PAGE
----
Physical Activity Boosts Bone Mineral Density in Children With Diabetes

Jun 25, 2012

Regular weight-bearing physical activity improves total body and lumbar spine bone mineral accretion in children with type 1 diabetes mellitus in a magnitude similar to that in healthy patients.

Regular weight-bearing physical activity improves total body (TB) and lumbar spine bone mineral accretion in children with type 1 diabetes mellitus (DM) in a magnitude similar to that in healthy patients. The improvement is not associated with variation in bone biochemical markers.

Maggio and coworkers conducted a randomized controlled trial that included 27 children with DM and 32 healthy children; both were randomized to an exercise or a control group. At baseline and 9 months, TB, lumbar spine (L2-4), femoral neck, and greater trochanter areal BMD (aBMD) and serum bone biomarkers (osteocalcin, type 1 collagen cross-linking) were measured. The intervention consisted of two 90-minute sessions per week of weight-bearing physical activity (ball games, jumping, rope skipping, and gymnastics).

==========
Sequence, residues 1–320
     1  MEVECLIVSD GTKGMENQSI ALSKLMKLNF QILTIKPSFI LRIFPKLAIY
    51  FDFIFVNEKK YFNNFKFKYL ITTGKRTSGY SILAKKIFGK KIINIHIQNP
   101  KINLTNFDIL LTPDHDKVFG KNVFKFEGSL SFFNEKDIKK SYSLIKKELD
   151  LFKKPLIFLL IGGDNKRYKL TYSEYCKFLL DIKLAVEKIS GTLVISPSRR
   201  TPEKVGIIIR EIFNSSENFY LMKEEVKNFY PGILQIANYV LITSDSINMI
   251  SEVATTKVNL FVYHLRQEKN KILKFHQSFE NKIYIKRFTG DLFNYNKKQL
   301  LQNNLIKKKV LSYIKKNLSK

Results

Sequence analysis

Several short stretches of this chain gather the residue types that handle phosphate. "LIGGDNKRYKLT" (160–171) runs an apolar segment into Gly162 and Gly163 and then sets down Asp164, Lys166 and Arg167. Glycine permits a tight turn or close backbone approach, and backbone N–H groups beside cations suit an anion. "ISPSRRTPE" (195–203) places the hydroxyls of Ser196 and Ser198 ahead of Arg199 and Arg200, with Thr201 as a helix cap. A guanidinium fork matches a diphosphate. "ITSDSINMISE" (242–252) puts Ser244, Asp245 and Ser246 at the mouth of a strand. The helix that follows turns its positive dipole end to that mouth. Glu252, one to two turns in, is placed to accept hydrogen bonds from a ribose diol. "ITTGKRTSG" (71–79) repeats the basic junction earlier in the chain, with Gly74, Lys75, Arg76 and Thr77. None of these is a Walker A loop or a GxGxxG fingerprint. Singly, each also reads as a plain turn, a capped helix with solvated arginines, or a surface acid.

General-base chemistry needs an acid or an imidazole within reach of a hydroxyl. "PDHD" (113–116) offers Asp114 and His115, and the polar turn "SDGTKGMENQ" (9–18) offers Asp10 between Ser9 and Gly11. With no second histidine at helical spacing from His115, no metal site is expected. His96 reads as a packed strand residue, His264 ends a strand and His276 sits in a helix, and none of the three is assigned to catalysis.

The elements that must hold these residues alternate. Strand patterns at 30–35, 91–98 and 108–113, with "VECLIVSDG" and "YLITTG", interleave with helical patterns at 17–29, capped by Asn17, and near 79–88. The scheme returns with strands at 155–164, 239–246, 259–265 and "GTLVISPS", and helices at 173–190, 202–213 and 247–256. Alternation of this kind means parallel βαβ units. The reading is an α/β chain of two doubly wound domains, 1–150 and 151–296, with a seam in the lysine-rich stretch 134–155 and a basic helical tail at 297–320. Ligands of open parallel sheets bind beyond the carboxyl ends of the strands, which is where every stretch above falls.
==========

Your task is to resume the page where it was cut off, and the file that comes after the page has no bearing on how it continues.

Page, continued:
At 9 months, changes in TB and L2-4 aBMD were statistically significant in the intervention groups and of similar magnitude between children with type 1 DM and healthy children. The level of type 1 collagen cross-linking decreased in the intervention groups but was not associated with TB aBMD changes.

The authors suggested that children with type 1 DM be encouraged to practice regular physical activity to enhance peak bone mass and prevent osteoporosis later in life.